yimfong

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Dear medical students, biology or related students, doctors....
Please help me answer these questions:
1. Other than the presence of valves in the veins, can the pumping action of the heart help to maintain the continuous flow of blood towards the heart?

2. If you caught a common cold and got a blocked nose, will sense of smelling be affected? WHY?

3. does sexual reproduction must involve male and female gametes? I think no because i barely remember some animal like sea horses can reproduce by fusion of two male gametes. Is this true?

your kind help will be highly appreciated!
 

TheRussian

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1. I don't really understand what this means but I think that without valves in the veins some blood would still get back to the heart because of siphening and capillary action. Also remember that veins are very elastic and can allow the pooling of a lot of blood in the feet. For this reason I think it's necessary to have the valves in order to insure adequate blood return to the heart. I could be wrong though

2. If you have a blocked nose the sense of smell should be effected (think of personal experience) This is because the odor receptors are located at the top of the nasal cavity and if the nose is blocked, oderants can't get to the receptors and the appropriate receptors are not activated so smell is affected.

3. Not sure about the seahorse thing but I believe sexual reproduction must by definition involve a male and a female. My guess would be that in the case of seahorse if there are no females around one of the males will convert and become a female and then mate with the other male.
 

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yimfong said:
Dear medical students, biology or related students, doctors....
Please help me answer these questions:
1. Other than the presence of valves in the veins, can the pumping action of the heart help to maintain the continuous flow of blood towards the heart?

2. If you caught a common cold and got a blocked nose, will sense of smelling be affected? WHY?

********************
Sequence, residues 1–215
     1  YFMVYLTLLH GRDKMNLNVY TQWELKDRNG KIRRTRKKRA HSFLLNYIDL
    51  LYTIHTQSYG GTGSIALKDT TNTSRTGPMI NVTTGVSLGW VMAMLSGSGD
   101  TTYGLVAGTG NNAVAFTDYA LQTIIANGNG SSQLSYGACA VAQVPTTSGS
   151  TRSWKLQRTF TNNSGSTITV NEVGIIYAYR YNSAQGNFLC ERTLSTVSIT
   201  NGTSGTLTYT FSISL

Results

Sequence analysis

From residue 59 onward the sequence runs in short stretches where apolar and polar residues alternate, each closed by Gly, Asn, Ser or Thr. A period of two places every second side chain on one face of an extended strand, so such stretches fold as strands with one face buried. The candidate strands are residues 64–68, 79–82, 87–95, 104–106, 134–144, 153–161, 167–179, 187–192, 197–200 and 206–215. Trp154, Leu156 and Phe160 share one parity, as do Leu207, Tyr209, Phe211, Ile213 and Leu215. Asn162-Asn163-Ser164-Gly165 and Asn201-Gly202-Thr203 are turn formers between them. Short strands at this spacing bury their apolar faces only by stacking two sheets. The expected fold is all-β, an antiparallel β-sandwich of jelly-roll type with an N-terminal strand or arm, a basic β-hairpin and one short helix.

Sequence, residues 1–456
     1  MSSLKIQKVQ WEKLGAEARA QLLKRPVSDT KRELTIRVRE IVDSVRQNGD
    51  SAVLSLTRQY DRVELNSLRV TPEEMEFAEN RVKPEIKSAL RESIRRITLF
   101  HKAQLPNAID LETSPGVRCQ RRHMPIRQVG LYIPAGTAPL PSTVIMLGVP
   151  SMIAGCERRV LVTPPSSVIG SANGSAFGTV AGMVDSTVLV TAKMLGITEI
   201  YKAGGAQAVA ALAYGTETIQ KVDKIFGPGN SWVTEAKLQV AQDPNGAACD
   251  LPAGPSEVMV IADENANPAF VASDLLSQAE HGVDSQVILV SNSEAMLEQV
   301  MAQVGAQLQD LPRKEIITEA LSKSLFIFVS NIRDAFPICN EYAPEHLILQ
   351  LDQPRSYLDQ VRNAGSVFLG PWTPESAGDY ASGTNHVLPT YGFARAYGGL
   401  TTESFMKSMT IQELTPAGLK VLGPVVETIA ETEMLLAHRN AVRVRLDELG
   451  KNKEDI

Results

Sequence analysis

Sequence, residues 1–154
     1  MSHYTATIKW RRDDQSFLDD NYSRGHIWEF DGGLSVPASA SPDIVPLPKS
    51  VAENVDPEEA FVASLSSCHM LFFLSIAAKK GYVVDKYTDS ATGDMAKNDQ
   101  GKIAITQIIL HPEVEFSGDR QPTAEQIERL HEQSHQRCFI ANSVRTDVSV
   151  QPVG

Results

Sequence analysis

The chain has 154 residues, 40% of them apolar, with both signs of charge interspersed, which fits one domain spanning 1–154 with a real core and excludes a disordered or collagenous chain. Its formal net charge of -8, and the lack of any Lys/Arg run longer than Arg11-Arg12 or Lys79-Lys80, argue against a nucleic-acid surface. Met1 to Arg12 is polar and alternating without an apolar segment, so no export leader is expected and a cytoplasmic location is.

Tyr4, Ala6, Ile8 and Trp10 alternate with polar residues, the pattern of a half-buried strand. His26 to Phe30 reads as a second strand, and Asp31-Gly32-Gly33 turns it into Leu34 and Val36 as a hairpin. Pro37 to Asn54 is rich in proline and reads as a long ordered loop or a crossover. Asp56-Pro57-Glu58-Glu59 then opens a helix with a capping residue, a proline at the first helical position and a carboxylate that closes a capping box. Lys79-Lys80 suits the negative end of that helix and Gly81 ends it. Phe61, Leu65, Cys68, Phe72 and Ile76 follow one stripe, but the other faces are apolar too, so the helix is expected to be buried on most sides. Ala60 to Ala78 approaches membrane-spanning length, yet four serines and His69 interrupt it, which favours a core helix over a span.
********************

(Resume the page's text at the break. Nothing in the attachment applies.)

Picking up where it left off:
3. does sexual reproduction must involve male and female gametes? I think no because i barely remember some animal like sea horses can reproduce by fusion of two male gametes. Is this true?

your kind help will be highly appreciated!
Here's what I think. You can take it for what it's worth....
1. The BP from the heart is very low in the veins in the lower limbs. Yes, I do think the blood can return w/o valves, but there will be a lot of edema associated with setting or standing in an upright position. Skeletal muscle contraction in conjuction with the valves is responsible for returning most of the blood through the leg veins. That's why so many people who suffer from paralysis have swollen feet.
2. The site of your smell receptors is called the olfactory epithelium (the receptors regenerate which is kinda cool). As the previous poster said, it is located at the top of your nasal cavity beneath the olfactory tract and bulb (whick is a cranial nerve of the bottom surface of the brain). A lot of mucous
blocks any molecules from gaining access to the olfactory epithelium. As a result you cannot smell (or taste well for that matter since 75% of taste is smell)
3. Don't know about the seahorse thing, but sexual reproduction must involve the fusion of two gametes.
 
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Thundrstorm

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yimfong said:
3. does sexual reproduction must involve male and female gametes? I think no because i barely remember some animal like sea horses can reproduce by fusion of two male gametes. Is this true?

Not sure about seahorses, but there are species that can reproduce with only female gametes. This is a phenomenon known as parthenogenesis, where there is no male contribution to the genome. One example is bees. Unfertilized eggs develop into haploid males, while fertilized eggs develop into diploid females. In other organisms, the 2nd polar body can act as a sperm to cause fertilization. I suppose that this is asexual reproduction though, so I guess the answer to your question is that reproduction is possible without both male and female gametes, but this would not be sexual reproduction.
 

yimfong

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Thanks a lot, that's very kind of u!
Moreover, regarding question 2, under same situation, will the sense of taste be affected, other than smelling?
 

evines

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yimfong said:
Thanks a lot, that's very kind of u!
Moreover, regarding question 2, under same situation, will the sense of taste be affected, other than smelling?
Depends on what you mean by "other than smelling." Sense of taste is reduced, but it is because your olfactory receptors are blocked. I can't think of a way the actual taste buds would be affected.
 

draino15

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yimfong said:
Dear medical students, biology or related students, doctors....
Please help me answer these questions:
1. Other than the presence of valves in the veins, can the pumping action of the heart help to maintain the continuous flow of blood towards the heart?

your kind help will be highly appreciated!